The Life of Robert Louis Stevenson for Boys and Girls eBook

This eBook from the Gutenberg Project consists of approximately 112 pages of information about The Life of Robert Louis Stevenson for Boys and Girls.

ILLUSTRATIONS

Robert Louis Stevenson Frontispiece
  From a photograph by Mr. Lloyd Osbourne
          
                                              facing
          
                                               page

No. 8 Howard Place, Edinburgh, Stevenson’s birthplace 18

Colinton Manse 26

Swanston Cottage 42

Edinburgh Castle 64

Skerryvore Cottage, Bournemouth 98

The Treasure Island map 100

Facsimile of letter sent to Cummy with “An Inland Voyage” 106

Bas-relief of Stevenson by Augustus Saint Gaudens 112

South Sea houses 130

The house at Vailima 154

A feast of chiefs 162

The tomb of Stevenson on Vaea Mountain 172

Thelife of

RobertLouis Stevenson

Forboys and girls

“Write me as one who loves his fellowmen.” 
—­Hunt.

CHAPTER I

THE LIGHTHOUSE BUILDERS

“...  For the sake Of these, my kinsmen and my countrymen, Who early and late in the windy ocean toiled To plant a star for seamen.”

The pirate, Ralph the Rover, so legend tells, while cruising off the coast of Scotland searching for booty or sport, sank the warning bell on one of the great rocks, to plague the good Abbot of Arbroath who had put it there.  The following year the Rover returned and perished himself on the same rock.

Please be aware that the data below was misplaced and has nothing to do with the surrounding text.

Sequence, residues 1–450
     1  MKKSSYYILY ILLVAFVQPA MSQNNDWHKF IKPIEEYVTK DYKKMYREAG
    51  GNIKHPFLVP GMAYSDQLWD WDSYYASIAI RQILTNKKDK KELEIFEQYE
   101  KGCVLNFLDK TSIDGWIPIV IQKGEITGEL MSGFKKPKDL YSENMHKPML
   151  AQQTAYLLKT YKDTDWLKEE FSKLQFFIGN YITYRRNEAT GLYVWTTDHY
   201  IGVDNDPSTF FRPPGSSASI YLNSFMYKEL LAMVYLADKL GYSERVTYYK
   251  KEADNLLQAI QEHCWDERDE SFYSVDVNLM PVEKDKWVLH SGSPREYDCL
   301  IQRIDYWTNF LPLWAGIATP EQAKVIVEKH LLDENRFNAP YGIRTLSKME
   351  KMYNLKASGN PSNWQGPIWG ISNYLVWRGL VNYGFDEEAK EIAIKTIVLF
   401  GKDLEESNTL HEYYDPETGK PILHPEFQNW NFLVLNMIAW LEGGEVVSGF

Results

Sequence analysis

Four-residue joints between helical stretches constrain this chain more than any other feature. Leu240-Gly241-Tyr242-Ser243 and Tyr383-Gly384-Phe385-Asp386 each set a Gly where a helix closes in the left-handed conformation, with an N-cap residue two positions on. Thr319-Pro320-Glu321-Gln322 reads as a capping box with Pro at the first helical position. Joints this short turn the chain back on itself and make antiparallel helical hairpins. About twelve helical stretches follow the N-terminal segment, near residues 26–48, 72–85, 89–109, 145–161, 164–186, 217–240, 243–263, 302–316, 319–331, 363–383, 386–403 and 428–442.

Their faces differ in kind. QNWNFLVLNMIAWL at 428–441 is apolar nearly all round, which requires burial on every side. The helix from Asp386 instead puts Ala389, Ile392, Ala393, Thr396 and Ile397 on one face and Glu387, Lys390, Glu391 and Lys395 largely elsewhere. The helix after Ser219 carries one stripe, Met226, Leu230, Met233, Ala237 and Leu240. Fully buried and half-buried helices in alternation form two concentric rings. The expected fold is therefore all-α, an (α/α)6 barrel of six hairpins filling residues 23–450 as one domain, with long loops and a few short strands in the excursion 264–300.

In the life of one of Scotland’s great men, Robert Louis Stevenson, we find proud record of his grandfather, Robert Stevenson, having built Bell Rock Lighthouse on this same spot years afterward.

No story of Robert Louis Stevenson’s life would be complete that failed to mention the work done for Scotland and the world at large by the two men he held most dear, the engineers, his father and grandfather.

When Robert Stevenson, his grandfather, received his appointment on the Board of Northern Lights the art of lighthouse building in Scotland had just begun.  Its bleak, rocky shores were world-famous for their danger, and few mariners cared to venture around them.  At that time the coast “was lighted at a single point, the Isle of May, in the jaws of the Firth of Forth, where, on a tower already a hundred and fifty years old, an open coal-fire blazed in an open chaufer.  The whole archipelago thus nightly plunged in darkness was shunned by seagoing vessels.” [Footnote:  Stevenson, “Family of Engineers.”]

Copyrights
Project Gutenberg
The Life of Robert Louis Stevenson for Boys and Girls from Project Gutenberg. Public domain.
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